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The Daily Tar Heel

With the 2024 Oscars less than two months away and the Golden Globe Awards in the rearview, it’s safe to say awards season is underway.

The nominations for the Oscars will be announced on Jan. 23, and the winter weather gives every movie lover the perfect excuse to stay inside and pretend to be a voting member of the academy.

Christopher Nolan’s “Oppenheimer” won five out of the eight Golden Globes it was nominated for, beating out Martin Scorsese’s “Killers of the Flower Moon” and Bradley Cooper’s Leonard Bernstein biopic, “Maestro,” in the best drama film category. 

I have already written about the shortcomings of Scorsese’s depiction of the oil-driven violence against the Osage Nation, but Lily Gladstone's redeeming performance was recognized at the Golden Globes, making her the first Indigenous best actress recipient. 

Cooper’s “Maestro” tells the story of Bernstein’s chaotic relationship with actress Felicia Montealegre, though the film failed to garner the attention that Nolan and Scorsese cashed in at the box office, likely due to its streaming-centered release on Netflix

Nonetheless, Cooper proved his directorial eye with the slow-paced and intimate “Maestro,” which should be talked about far beyond his prosthetic nose.

Ben Affleck’s “Air” is another underrated true story that had a limited theatrical release and seemed to fall between the cracks for both critics and audiences. “Air” divulges the largely unknown details of the unlikely deal between Nike and a rookie Michael Jordan, and I can only hope the academy sees its value. 

In the comedy section, Yorgos Lanthimos’ oddball sci-fi fantasy, “Poor Things,” was shockingly triumphant over Greta Gerwig’s trend-setting “Barbie.” Emma Stone’s performance in “Poor Things” also beat out doll-like Margot Robbie

“Poor Things” is a Frankenstein-esque tale of a mad scientist’s experiment coming to life and relearning what it means to be human. Lanthimos — best known for “The Lobster” and “The Favourite" — is an unorthodox storyteller who is popular amongst critics.  

“Barbie” was undoubtedly most popular with the general public. Its billion-dollar success was recognized with the cinematic and box office achievement Golden Globe.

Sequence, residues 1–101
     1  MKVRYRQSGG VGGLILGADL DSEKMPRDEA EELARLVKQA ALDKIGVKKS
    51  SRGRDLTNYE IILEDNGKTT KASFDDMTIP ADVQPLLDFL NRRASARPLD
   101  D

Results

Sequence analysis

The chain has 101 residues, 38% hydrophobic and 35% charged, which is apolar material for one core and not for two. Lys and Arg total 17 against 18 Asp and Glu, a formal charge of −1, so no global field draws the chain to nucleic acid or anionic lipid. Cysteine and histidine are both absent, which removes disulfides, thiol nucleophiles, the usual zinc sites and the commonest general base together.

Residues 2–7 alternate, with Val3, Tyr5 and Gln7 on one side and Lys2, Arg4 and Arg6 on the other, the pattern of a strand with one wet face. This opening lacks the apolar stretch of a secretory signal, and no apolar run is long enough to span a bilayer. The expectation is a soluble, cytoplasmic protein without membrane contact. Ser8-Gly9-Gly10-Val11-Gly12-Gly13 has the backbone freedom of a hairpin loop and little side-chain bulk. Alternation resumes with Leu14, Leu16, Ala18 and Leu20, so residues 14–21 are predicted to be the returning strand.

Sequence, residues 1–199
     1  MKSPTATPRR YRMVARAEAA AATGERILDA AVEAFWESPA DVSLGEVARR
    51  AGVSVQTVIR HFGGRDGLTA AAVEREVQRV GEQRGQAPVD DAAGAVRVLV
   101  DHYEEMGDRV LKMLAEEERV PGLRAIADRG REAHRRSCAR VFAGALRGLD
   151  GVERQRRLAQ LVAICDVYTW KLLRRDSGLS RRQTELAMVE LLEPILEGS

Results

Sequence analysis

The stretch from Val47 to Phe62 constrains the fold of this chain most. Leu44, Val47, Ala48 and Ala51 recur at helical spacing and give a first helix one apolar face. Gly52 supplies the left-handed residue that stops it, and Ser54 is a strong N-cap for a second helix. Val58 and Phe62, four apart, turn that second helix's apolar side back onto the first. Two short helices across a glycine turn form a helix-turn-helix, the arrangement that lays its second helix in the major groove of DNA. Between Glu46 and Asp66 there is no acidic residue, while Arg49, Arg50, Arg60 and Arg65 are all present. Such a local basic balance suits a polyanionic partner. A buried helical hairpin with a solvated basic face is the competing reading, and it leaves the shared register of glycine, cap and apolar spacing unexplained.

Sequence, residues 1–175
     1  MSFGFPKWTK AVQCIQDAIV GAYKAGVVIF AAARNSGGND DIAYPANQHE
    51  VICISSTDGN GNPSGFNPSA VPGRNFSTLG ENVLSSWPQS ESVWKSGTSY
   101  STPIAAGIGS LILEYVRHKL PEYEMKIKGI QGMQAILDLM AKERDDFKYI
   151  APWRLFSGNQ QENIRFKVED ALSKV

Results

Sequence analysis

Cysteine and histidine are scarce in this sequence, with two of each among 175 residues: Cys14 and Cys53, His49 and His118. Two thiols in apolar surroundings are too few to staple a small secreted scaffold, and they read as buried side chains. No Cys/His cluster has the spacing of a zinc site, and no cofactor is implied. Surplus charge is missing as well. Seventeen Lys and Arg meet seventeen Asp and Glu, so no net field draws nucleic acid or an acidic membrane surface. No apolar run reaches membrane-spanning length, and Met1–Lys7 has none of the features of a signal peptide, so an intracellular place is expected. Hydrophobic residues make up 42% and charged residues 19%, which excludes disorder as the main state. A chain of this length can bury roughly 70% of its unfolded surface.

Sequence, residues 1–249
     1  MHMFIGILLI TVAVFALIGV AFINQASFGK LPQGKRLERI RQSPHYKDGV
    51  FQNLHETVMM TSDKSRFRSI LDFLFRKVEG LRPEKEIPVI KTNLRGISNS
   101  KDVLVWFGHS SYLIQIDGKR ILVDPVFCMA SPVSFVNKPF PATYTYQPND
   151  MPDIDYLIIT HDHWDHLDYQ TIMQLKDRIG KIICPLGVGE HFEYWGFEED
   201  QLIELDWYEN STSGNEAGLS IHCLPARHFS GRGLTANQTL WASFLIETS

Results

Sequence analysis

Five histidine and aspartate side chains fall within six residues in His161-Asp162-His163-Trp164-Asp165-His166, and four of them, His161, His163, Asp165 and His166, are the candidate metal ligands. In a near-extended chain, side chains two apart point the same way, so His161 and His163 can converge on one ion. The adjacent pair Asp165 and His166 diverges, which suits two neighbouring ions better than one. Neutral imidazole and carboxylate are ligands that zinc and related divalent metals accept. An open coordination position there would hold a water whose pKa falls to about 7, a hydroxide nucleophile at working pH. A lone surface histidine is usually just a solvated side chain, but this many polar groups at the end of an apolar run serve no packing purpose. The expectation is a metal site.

One can only hope that Gerwig’s sparkly, pink depiction of the less-than-pretty limits of womanhood gets more time in the spotlight during the Oscars, but snubbing “Barbie”’s undeniable success only reaffirms the message it’s conveying — a woman’s work can never be enough.

After “Barbenheimer” took the internet by storm last summer, social media’s latest cinematic obsession is Emerald Fennell’s “Saltburn,” though it’s hard to tell how much of the buzz is a result of the too-long montage scenes of Jacob Elordi’s beauty.

Barry Keoghan’s unnerving performance earned him a Golden Globe nomination for best actor, but Elordi deserves an award for overcoming his debut role in “The Kissing Booth” and claiming his spot as an on-screen heartthrob in indie productions like “Saltburn” and "Euphoria." 

The online conversation around “Saltburn” might make it seem like the most grotesque film you can find this year, but its strangeness ranks similarly to “Poor Things.” If anything, “Saltburn” is an offbeat arthouse film that found its way into the public eye — again, partly thanks to Elordi’s popularity. 

“Saltburn” is cinematically beautiful, and I recommend that anyone remotely curious should turn away from TikTok, avoid any synopses and go to the theater to judge for themselves. Sure, you might avert your eyes at times, but Keoghan’s performance alone is reason enough for Fennell’s film to make headlines.

This is certainly not the first spine-chilling role Keoghan has mastered, though I hope “Saltburn” earns him the recognition he deserves. Timothée Chalamet’s abysmal acting in “Wonka” is proof that it’s time for Keoghan to dismantle him as Gen Z's latest fixation.

I must commend the bravery it takes to fill a role like Wonka that is so synonymous with its original actor, in this case the magical Gene Wilder. However, “Wonka” felt like two hours of a high school theater production in which Chalamet delivered his lines like an unprepared understudy. 

With awards season just beginning, there is still ample time to catch up on some of this year’s most memorable films. As the Oscars loom, I recommend watching “Oppenheimer” above all, as I expect it to continue sweeping this year's award ceremonies.


@dthlifestyle |

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